Mercosur is only waiting for the European Union to begin the political negotiations on the long delayed overall trade agreement, announced Paraguay's foreign minister Eladio Loizaga in Asunción, just back from Brussels where he met with EU and Belgian officials.
We're confident the negotiations process will advance in the next weeks, as it was agreed last October and confirmed during my visit to Brussels, said Loizaga after holding talks with Paraguayan president Horacio Cartes to report on the advance of discussion and the coming visit of the head of state to France this weekend for the climate summit in Paris.
Loizaga revealed that the Mercosur/EU technical talks are very much advanced and both blocks are planning to begin the political negotiations in the near future.
Mercosur transmitted in Brussels its political decision to begin those negotiations. The ball in now in the EU court. Loizaga added that next Friday the Mercosur council of trade ministers will meet with EU representatives to advance those negotiations. EU Trade commissar Cecilia Malmström will be attending the round of talks.
Minister Loizaga, who is acting for Mercosur, since Paraguay holds the rotating chair of the block this second half of 2015, indicated that the Mercosur goods and services' tariffs initiative is a floor proposal which means it can be elevated if necessary according to how negotiations evolve, and this also includes the much disputed farm produce exports.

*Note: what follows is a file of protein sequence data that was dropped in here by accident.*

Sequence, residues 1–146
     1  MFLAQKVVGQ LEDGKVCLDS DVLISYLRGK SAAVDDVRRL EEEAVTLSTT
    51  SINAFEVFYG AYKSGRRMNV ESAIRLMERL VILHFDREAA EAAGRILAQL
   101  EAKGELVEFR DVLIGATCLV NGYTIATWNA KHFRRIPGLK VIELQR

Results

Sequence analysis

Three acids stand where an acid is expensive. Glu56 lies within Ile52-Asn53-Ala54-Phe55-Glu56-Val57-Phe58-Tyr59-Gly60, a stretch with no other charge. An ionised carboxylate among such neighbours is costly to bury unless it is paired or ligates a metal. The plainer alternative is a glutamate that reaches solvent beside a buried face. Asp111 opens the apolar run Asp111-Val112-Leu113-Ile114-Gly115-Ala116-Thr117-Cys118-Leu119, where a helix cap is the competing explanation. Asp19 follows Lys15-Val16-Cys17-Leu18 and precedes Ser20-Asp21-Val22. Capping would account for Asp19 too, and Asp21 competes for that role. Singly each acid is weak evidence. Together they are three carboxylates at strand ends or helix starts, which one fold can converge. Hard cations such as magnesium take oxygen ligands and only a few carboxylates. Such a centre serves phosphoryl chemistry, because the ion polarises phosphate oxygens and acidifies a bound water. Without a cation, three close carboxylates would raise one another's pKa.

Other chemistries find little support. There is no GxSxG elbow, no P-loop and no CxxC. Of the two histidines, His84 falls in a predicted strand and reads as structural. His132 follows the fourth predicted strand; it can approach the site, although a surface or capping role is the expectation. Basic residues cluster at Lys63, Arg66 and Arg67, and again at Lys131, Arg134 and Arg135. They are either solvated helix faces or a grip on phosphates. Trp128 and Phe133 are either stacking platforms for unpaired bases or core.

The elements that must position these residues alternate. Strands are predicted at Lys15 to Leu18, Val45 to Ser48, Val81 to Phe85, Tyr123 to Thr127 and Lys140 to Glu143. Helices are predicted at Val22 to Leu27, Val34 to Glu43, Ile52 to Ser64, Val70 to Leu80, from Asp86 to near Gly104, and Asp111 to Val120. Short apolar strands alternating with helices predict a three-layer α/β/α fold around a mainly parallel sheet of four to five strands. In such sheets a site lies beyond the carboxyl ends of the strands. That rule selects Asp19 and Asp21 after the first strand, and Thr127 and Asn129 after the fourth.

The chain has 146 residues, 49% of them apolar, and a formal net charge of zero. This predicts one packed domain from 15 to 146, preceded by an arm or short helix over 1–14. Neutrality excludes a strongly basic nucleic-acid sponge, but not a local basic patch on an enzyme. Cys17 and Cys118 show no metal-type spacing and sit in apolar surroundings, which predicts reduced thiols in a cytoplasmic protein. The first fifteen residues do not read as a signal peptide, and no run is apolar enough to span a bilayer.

I can strongly affirm that Mercosur has the greatest interest in beginning the negotiations leading to the signing of the ambitious agreement sometime early next year.
The talks for a comprehensive trade and cooperation agreement between Mercosur and the EU took off in 1999, were frozen in 2004 for the following eight years mainly because of disagreements from Argentina and France and Ireland. Since 2012 talks have resumed and advanced, and there is a consensus on agriculture produce and exports that this contentious issue must be addressed.
The trade negotiations this week received a strong backing from Argentine president-elect Mauricio Macri, who is business friendly and contrary to current leader Cristina Fernandez has anticipated he favors trade agreements in the region, mainly Brazil, but also with the Pacific Alliance, that includes Chile, Peru, Colombia and Mexico. Launched in 2010, the alliance has moved faster and achieved more than Mercosur started in 1991.